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Si Satchanalai

A spectacular UNESCO-listed ancient city in Central Thailand

Thailand's UNESCO entry Sukhothai shares a triple bill with the ruins of Kamphaeng Phet, to the west, and the ancient city of Si Satchanalai to the north under the combined (and imaginative) name of Historic Town of Sukhothai and Associated Historic Towns. The former lies some 80 kilometres southwest of Sukhothai and the latter over 50 kilometres north and while there are historical similarities between the 3 there are also substantial differences and we can't help but feel Thailand may have got something of a lazy deal from UNESCO  in their World Heritage listings.

Si Satchanalai - southwestern entrance to the ancient city.
Si Satchanalai – southwestern gate and walls of the ancient city.

Indeed the site of Si Satchanalai already combines 2 separate and distinct ancient city sites in its own right with a walled city enclosed within a narrow loop of the Yom River to the east (today known as Chaliang), and walled and moated Si Satchanalai situated a short distance to the west. While all sites today reveal principally 14th-century, Sukhothai-period, constructions, their history diverges.

The Yom River performs a tight loop enclosing Chaliang ancient city, (on the right of the photo).
The Yom River performs a tight loop enclosing Chaliang ancient city, (on the left of the photo).

As the name suggests Sukhothai was the most important city and capital of the 14th-century Sukhothai kingdom and the walled town and surrounding areas display the greatest number of historical sites. Several of the major temples, including Wat Mahathat, Wat Sri Sawai, Wat Phra Pai Luang and San Tha Pha Daeng show evidence of having been adapted from pre-existing, earlier sites – probably dating from the late Angkor, Jayavarman VII period. However, Kamphaeng Phet reveals scant evidence in this regard and was perhaps mainly an outer defensive position of the capital against the perfid Burmese to the west.

The distinctly Khmer-looking San Tha Pha Daeng at Sukhothai.
The distinctly Khmer-looking San Tha Pha Daeng at Sukhothai.

Conversely, Si Satchanalai – in particular Chaliang, – reveals extensive Angkorain remains and it seems likely that this was the area’s most significant settlement during the late Angkor period; the region being an important northern outpost for the Khmer empire during this era. Considerable excavations at Chaliang have been undertaken by Thai archaeologists in recent times and almost all temples show 12th-century foundations and artefacts including the main site of Phra Si Rattana Mahathat, while the nearby site known as  Wat Chao Chan is a semi-intact Jayavarman VII Arogyasala or Hospital Chapel. (Over 100 of these are recorded as having been constructed at key points throughout the empire during that king’s  late-12th to early- 13th- century reign.)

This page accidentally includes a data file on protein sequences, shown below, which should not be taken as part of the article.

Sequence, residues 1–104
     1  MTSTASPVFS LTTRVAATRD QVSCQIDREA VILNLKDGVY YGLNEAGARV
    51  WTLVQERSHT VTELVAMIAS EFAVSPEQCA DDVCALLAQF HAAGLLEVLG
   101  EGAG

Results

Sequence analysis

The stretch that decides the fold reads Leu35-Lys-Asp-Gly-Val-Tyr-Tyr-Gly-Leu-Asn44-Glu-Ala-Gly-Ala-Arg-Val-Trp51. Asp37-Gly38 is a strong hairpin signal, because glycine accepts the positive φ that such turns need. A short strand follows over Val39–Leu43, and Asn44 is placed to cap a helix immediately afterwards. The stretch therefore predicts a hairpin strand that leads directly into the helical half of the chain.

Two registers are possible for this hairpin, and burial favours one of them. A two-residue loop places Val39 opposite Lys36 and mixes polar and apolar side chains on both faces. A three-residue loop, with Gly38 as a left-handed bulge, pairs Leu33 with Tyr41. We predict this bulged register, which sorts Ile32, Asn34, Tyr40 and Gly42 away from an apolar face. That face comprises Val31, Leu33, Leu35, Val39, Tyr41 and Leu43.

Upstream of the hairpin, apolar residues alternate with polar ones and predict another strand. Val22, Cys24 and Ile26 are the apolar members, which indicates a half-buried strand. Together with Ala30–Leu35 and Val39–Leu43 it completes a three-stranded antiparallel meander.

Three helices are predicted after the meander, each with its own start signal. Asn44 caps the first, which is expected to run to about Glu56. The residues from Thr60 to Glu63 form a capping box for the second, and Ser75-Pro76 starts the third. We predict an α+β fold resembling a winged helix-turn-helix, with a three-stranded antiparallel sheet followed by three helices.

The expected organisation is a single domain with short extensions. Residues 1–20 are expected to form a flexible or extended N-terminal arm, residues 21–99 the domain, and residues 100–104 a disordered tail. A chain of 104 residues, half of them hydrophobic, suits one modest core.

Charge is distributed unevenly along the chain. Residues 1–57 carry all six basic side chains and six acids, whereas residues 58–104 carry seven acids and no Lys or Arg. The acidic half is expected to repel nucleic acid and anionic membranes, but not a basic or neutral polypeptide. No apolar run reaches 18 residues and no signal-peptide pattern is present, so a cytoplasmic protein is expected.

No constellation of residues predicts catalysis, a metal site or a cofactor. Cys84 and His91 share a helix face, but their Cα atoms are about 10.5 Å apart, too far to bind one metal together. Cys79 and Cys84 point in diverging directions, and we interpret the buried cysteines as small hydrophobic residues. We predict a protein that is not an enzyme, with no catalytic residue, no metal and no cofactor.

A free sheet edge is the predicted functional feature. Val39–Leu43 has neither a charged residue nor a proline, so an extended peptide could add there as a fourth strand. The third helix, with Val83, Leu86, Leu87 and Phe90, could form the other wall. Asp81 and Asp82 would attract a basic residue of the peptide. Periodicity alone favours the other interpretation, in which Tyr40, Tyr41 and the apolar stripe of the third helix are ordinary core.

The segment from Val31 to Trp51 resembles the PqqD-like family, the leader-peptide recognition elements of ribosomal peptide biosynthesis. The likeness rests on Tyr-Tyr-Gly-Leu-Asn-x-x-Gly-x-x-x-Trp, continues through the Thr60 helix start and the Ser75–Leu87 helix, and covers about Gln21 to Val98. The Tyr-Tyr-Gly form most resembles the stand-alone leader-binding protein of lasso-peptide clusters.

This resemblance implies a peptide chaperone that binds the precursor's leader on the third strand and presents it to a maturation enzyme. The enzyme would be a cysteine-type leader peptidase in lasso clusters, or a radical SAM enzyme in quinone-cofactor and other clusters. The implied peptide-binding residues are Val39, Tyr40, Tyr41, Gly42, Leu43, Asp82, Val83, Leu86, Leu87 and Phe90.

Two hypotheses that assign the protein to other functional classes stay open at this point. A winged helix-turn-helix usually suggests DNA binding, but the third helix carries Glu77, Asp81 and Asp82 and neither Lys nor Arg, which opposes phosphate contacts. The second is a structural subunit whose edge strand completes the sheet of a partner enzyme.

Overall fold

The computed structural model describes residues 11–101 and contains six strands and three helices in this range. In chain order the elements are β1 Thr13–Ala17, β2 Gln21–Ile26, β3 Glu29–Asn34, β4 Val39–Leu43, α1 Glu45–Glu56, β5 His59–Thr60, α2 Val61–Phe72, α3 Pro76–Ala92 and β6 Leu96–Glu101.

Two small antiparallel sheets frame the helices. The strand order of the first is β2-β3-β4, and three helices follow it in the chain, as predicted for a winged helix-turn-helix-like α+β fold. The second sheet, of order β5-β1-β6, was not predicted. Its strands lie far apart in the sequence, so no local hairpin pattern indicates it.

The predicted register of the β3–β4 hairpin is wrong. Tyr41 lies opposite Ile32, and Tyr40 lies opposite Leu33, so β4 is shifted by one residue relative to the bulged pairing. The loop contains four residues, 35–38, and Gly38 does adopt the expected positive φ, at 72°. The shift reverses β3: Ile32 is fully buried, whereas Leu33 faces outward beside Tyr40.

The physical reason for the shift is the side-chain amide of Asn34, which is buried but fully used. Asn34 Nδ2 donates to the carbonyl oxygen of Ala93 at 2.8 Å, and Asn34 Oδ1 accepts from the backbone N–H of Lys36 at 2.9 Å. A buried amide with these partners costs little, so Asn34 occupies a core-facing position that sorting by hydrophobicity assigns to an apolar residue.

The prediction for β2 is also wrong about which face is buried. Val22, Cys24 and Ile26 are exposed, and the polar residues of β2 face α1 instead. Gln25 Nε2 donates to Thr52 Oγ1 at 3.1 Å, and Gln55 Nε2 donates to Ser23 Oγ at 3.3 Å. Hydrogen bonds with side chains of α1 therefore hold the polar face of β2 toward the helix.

Wat Chao Chan at Chaliang.
Wat Chao Chan at Chaliang.

It is curious that 2, separate walled, cities lie little more than a kilometre apart and evidence of more Angkor-period foundations at Si Satchanalai indicates that the situation dates from before the Sukhothai period. (It’s also highly likely that all these sites had already existed in some form for a long period as Mon settlements before Khmer control of the region.)

Wat Chedi Jet Taew, among other temples, displays Khmer origins while a nearby, hill-top site retains the Khmer name of Wat Phanom Pleung even today.  Unlike northeastern provinces such as Buriram and Surin, no ethnic Khmers inhabit this region of central Thailand so the name, meaning literally volcano – or ‘fire mountain’,  must be an old folk memory.  (As no one could mistake this small sandstone hillock for a volcano, the term fire mountain could refer to the temple’s original use as a Jayavarman VII period fire temple. (He also commissioned some 120 of these temples at important points throughout his empire.)

Wat Phanom Pleung amid the trees.
Wat Phanom Pleung amid the trees.

Historical debate still reigns but, whatever its origins, Si Satchanalai today is a spectacular and highly picturesque site. While Sukhothai is much better-known and more prestigious it is consequently much busier and the site has, to our minds, something of an over-manicured feel with neatly laid out paths and floral hedges as well as, and not least, having a major highway pass right through the centre of it. Si Satchanalai is lesser-known, much quieter, and presents a scenic natural parkland setting of meadows and mature trees. (Even a few of the iconic, giant sprawling ficus trees still decorate some of the temple sites.)

 Giant ficus at Wat Chedi Jet Taew, Si Satchanalai
GIant ficus at Wat Chedi Jet Taew.

Of course, being Thailand, the temple sites and surrounding park are well-maintained but it certainly has a  delightful, pastoral feel and is also, even, a haven for birdwatchers.  We’ve included the UNESCO site of Sukhothai on our north tours for many years but after a  recent survey, we’ve decided to tweak the itinerary somewhat. We’ll visit Sukhothai for sunrise – practical as it’s a short drive from the hotel –  and then drive 45 minutes or so to Si Satchanalai for a cycling tour of the archaeological park. After a local lunch in the area, and weather depending, we can head back to the hotel to escape the heat for a while before returning to Sukhothai for sunset at one of the temple lakes. (The picturesque lakes and lily ponds are the one thing missing from Si Satchanalai.)

Thailand World Heritage Sites
Sukhothai sunset

Sounds good? Then please check our Hidden Thailand – off-the-beaten-track north Thailand tour which, vaccine-permitting – we’re hoping to be able to offer later in 2021.